The bike course consisted of 4 5k laps, with a small hill at the far end of each and a 180 at the end closer to transition.  Less than half a mile in I came by Ellie, who was having some trouble getting her feet in her bike shoes.  I yelled encouragement as I passed, but knew it was in our best interest for me to keep chasing the couple girls I saw just up the road.  As a much stronger swim/biker than I am a runner, and also knowing that a hard bike would hurt my legs less for the rest of the weekend than a hard run, I tried to use the bike to advance as far as I could.  I flew by a few weaker cyclists, and after 2 laps found myself part of a strong group of 5 for a while.  Still a bit gassed from my long chase, I missed the boat when two of them made a move off the front.  In fact, in an in-race first for me, I found myself throwing up off the side of my bike (luckily missing it and my leg) on lap 3.  Oops.  Still not quite sure what that was about, but I felt a little better afterwards.  I stuck with the remaining 2 girls for the remainder of the ride, contributing to the pace-setting when I could (which honestly was not often by that point).  I was trying to save a little bit of energy for the run, and both other girls seemed a little fresher than I was.  I was off the bike in 33:44 (6th best) after a tricky flying dismount around a U turn into transition.  Eesh!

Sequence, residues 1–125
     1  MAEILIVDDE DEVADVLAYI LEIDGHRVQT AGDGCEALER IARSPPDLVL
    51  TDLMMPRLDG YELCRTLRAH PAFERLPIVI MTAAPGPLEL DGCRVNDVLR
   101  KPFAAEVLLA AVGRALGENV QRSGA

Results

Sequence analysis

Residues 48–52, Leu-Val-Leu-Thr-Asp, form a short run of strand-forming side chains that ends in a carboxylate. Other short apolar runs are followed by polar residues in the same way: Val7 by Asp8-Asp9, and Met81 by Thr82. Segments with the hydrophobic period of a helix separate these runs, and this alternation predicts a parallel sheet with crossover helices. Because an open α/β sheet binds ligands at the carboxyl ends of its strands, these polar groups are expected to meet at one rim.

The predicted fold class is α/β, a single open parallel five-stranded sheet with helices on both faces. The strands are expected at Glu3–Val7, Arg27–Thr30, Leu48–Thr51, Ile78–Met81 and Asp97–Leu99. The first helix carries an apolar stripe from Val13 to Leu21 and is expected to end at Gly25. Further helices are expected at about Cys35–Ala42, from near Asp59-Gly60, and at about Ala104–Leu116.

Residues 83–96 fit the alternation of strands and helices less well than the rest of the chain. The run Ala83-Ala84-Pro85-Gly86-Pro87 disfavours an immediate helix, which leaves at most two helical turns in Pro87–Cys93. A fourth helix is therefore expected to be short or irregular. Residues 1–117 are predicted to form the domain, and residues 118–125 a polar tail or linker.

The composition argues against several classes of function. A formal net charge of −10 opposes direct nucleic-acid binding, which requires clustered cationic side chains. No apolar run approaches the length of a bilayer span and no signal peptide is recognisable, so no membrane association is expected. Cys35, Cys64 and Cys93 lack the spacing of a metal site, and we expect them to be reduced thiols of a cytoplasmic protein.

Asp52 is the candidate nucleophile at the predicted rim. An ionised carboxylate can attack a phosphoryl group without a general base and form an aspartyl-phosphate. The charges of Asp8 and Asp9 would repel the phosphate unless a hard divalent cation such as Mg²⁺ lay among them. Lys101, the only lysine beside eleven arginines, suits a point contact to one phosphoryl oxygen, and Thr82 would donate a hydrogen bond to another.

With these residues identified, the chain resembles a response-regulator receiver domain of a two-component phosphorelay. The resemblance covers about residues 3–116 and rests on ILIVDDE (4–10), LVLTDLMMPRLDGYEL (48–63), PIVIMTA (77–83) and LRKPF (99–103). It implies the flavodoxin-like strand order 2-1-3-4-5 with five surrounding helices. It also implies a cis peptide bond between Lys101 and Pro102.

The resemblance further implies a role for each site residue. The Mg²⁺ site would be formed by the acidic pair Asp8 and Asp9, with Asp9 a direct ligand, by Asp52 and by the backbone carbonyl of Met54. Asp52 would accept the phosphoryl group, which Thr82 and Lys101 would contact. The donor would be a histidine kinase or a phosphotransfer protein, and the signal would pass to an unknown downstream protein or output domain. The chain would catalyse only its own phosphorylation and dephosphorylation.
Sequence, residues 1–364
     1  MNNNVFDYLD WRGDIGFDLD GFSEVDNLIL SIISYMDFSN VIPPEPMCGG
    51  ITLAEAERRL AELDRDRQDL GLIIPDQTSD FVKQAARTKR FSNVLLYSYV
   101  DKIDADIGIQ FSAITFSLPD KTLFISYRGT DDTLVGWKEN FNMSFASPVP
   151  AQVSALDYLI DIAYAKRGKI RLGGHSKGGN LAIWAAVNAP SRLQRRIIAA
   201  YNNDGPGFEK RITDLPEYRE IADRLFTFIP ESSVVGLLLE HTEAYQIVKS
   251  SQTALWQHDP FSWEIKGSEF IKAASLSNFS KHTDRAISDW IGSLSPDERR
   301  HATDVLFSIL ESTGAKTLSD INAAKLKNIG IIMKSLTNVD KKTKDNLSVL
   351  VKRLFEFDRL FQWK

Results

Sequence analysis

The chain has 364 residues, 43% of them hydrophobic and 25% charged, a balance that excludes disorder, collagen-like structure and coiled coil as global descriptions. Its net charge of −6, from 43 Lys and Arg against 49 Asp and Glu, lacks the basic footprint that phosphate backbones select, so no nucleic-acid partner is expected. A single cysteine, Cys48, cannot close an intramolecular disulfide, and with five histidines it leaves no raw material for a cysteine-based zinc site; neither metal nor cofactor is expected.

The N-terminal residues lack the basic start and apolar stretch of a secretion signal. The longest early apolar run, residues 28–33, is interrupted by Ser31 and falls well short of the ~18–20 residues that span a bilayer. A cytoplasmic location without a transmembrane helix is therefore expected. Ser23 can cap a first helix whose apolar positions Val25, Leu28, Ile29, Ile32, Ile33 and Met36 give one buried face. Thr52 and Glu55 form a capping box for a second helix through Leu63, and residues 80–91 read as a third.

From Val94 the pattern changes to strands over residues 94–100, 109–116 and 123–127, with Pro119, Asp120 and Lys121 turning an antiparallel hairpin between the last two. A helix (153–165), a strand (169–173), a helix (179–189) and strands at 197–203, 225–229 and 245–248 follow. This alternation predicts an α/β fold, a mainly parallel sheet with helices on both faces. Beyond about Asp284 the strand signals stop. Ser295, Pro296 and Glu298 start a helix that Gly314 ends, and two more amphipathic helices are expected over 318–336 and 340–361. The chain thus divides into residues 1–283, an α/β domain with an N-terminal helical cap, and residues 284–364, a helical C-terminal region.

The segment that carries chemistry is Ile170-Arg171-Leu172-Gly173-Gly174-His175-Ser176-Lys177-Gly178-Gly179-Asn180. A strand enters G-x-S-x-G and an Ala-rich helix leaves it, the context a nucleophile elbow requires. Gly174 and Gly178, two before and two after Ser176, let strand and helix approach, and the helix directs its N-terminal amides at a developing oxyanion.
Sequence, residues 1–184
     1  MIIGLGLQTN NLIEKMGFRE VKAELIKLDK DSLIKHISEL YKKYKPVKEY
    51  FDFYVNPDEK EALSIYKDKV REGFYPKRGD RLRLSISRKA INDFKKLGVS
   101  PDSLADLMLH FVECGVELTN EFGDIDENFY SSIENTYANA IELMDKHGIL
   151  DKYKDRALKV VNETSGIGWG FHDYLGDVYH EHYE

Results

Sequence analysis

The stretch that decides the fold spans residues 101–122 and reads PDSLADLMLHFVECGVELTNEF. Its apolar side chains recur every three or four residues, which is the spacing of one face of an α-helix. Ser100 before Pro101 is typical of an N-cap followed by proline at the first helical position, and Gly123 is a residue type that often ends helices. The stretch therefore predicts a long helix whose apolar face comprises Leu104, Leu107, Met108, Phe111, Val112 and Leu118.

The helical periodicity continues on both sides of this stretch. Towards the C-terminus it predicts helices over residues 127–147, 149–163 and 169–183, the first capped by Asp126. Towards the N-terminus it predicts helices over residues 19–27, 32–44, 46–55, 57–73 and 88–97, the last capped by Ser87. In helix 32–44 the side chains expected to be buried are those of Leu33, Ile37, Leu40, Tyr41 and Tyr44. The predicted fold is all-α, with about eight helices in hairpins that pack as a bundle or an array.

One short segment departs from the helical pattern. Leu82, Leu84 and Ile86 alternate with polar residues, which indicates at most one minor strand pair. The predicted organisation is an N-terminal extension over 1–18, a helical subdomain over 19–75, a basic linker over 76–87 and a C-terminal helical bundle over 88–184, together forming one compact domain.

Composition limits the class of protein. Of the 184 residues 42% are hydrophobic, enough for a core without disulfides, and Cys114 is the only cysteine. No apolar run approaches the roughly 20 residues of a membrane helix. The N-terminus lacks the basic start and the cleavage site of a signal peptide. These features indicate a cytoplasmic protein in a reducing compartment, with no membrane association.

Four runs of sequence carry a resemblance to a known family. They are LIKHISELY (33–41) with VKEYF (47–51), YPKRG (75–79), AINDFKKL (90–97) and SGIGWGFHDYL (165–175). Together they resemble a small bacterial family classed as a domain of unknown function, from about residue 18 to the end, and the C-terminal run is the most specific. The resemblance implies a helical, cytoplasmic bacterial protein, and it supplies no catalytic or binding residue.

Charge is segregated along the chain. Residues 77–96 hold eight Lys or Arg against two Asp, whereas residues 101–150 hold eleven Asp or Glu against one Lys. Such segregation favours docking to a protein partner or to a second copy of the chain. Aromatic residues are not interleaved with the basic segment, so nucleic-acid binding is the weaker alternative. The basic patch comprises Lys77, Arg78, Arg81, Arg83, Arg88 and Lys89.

The day had grown quite hot by this point, in the high eighties and the sun was shining brightly.  Coming out of transition the Air Force Academy girl (Sam Morrison) took off like she was running a 100m dash, so I was content to just let her go.  Meanwhile, the UCLA girl and I swapped places a couple times over the 2 lap, virtually out-and-back run.  I felt pretty strong considering the heat and the hard bike, and there was a big gap to the next girls behind us.  I made sure to yell to Ellie as I passed so she would know she could bring it in easy.  The course must have been slightly long, because no one ended up breaking 20 and there were definitely a number of very fast girls in that field.  Thankful for the gap behind me, I brought it home in a pretty comfortable tempo pace for the 9th fastest run at 23:06 as well as a 9th place finish at 1:10:08.  After that, the focus changed quickly changed to recovery, and I made sure to spend some quality time in the NormaTec recovery boot tent :) Still on tap for the the rest of the day was a mixed relay briefing, Collegiate Committee meeting, and pasta party with the team at Tempe Marketplace, so I had to spend a bit more time on my feet but tried to stay as loose as possible.

Ellie and I post sprint: Wisco girls showing a little Rev3 love

Saturday a.m.: Olympic distance